The Scottish artist whose work was collected by Andy Warhol

Arms crossed and holding bread next to a sideboard and his plush Great Dane Cecil, “Andy Warhol In His ‘Factory'” by Horst P. Horst, is one of the great portraits of the iconic visual artist American.

Behind Warhol in the photo, hanging in his wood-paneled conference room at his famous New York studio, is the stunning Pre-Raphaelite work “The Wind” by Scottish artist David Forrester Wilson.

The son of a lithographer, Wilson was born in 1873 in Glasgow and was educated at a private seminary before transferring to Gorbals Public School. He continued his studies at the Glasgow School of Art from 1892-3 and 1899-1906 under Belgium’s leading symbolist painter, Jean Delville, becoming director of drawing and painting in 1932, a position he held until in 1938 before his death. in 1950.

While the public prominence of Wilson’s Scots and his works today seems to have waned, his works are in some of the most prestigious collections in the world.

READ MORE: Andy Warhol’s famous portrait of Marilyn Monroe sells for £158m at auction

Fine art specialist Luke Price works at Chiswick Auctions, where Wilson’s ‘Vanity’ sold in 2019 for just under £25,000, the most sought after for one of the Glasgow artist’s paintings since 1998.

Speaking to the Herald about Wilson, Mr Price said: ‘His quality of treatment mixed with early 20th century Glasgow modernism makes his 1920s works his most sought after, as a university professor I foresee that this affected his studio release, and makes this period of work rare. As such, his works at auction were rare at this time but highly admired and could fetch substantial sums.

HeraldScotland: “The Wind” by David Forrester Wilson (Image: Getty)

“David Forrester Wilson’s early 20th century works are among his most important, he was part of a wonderful melting pot of influences in Glasgow during this period. His style is based on the classical training he received at the Glasgow School of Arts from 1892-3 and 1899-1906 under the Belgian symbolist Jean Delville; (He became the institution’s director of drawing and painting in 1932).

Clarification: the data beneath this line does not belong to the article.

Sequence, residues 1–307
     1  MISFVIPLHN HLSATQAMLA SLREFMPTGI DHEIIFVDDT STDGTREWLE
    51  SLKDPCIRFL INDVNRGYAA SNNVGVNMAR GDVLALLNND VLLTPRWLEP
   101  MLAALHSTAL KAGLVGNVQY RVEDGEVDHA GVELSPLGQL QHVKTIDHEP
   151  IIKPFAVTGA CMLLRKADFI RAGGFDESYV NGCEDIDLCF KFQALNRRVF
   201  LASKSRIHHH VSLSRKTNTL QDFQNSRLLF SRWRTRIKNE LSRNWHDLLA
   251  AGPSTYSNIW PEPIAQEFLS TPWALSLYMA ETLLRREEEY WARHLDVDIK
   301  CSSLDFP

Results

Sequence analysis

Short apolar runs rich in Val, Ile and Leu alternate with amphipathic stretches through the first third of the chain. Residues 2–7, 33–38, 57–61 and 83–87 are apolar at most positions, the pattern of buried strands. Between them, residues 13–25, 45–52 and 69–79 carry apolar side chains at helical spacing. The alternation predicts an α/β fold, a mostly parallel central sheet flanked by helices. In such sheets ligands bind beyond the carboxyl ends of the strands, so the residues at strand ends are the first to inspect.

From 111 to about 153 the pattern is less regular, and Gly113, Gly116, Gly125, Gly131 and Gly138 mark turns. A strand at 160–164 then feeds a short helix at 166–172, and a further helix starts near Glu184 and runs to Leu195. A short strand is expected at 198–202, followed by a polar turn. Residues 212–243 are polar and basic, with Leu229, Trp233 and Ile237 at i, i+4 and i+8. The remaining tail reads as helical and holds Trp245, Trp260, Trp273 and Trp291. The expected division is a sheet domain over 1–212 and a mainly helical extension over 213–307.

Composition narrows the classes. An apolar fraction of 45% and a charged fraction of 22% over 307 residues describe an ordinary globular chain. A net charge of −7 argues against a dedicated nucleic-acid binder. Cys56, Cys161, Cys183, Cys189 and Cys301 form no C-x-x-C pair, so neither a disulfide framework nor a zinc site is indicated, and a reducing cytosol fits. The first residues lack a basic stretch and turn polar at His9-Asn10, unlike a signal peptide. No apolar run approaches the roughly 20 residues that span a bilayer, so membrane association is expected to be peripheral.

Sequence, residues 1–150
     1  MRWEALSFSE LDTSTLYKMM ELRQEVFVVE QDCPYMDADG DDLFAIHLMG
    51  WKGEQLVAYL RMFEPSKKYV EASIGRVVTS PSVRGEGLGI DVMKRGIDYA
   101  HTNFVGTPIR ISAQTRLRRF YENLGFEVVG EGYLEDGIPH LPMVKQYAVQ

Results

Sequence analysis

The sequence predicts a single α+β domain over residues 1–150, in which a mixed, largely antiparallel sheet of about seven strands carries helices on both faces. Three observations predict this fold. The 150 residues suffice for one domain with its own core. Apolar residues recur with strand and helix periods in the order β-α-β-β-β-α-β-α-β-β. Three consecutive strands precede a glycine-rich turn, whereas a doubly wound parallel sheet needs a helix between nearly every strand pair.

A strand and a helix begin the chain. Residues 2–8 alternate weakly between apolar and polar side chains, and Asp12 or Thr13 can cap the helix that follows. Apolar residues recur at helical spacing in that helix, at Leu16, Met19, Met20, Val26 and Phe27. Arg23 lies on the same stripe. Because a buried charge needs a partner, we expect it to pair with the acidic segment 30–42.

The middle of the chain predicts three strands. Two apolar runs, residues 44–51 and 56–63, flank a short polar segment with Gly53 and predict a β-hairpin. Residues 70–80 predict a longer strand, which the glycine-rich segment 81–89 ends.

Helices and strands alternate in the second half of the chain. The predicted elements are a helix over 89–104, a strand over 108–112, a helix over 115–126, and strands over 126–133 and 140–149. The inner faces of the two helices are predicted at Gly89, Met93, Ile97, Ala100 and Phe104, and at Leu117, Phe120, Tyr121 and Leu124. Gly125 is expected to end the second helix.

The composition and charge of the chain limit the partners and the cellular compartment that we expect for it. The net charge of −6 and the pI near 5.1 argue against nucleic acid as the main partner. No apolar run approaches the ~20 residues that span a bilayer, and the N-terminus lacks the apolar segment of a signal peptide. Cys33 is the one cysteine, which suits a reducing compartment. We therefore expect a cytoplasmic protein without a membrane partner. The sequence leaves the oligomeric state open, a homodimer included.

“During this period, he acquired his technique characterized by bold, vigorous and painterly manipulation, this with the various influences of Delville, the Glasgow Boys, James Abbott McNeill Whistler and Jules Bastien-Lepage. His work begins to echo modernism under James Abbott McNeill Whistler in and around the city.

“An exhibitor at the Royal Glasgow Institute throughout his career, in 1919 and throughout the 1920s, Forrester Wilson presented works with the evocative titles of The Echo, The Song and The Wind. It would be this period that exposed the importance of the aesthetic ideal in his work.

“David Forrester Wilson’s known output is relatively small, but his works are in some of the world’s most prestigious collections and admired by other artists throughout the 20th century.”

HeraldScotland: A self-portrait of David Forrester Wilson (photo credit: Dunbartonshire Council)A self-portrait of David Forrester Wilson (photo credit: Dunbartonshire Council) (Image: Getty)

Andy Warhol owned several of Wilson’s works, with “The Wind” supposedly one of his favorite paintings.

‘The Wind’ was set to fetch $110,000 – 10 times its pre-sale estimate of $10,000 – when it was auctioned off with a number of Warhol ‘treasures’ in a landmark sale of its estate at Sotheby’s in May 1988, just over a year after the death of the Pop Art pioneer.

Reporting on the sale at the time, The Washington Post remarked that Wilson’s painting was “typical of Warhol’s disconcerting taste”. They wrote: “A watercolor by Paul Klee pocketed $286,000, sharing the honors of the lot with a less impressive painting by Picasso…In stark contrast to Klee’s avant-garde stripes but typical of Warhol’s disconcerting taste, the painting David Forrester Wilson’s bucolic “The Wind” sold for $110,000. , 10 times higher than its pre-sale estimate.

As well as hanging on the walls of the famed hedonistic hub that was The Factory in midtown Manhattan, another Wilson work, “Time and History,” hung – and remains – in the room’s grander setting. of Glasgow City Chambers banquet hall. . Wilson was commissioned to paint a large decorative panel in the hall in 1911, just five years after completing his studies at the Glasgow School of Art.

Kelvingrove Art Gallery & Museum is also home to Wilson’s ‘Faggots’, a work which the Glasgow Corporation bought for £150 in 1915, the equivalent of around £17,000 in today’s money.

Wilson was also a frequent exhibitor at the Royal Glasgow Institute of the Fine Arts for over fifty years, with ‘The Wind’ said to have first been exhibited to the public there in 1919, priced at £300.

Later this month, a rare masterpiece from Andy Warhol’s acclaimed Death And Disaster series is set to fetch over $80m (£69m) at auction, while the oil painting Wilson’s ‘Gathering Faggots’ oil is currently up for sale on eBay for less than £. 8,000.

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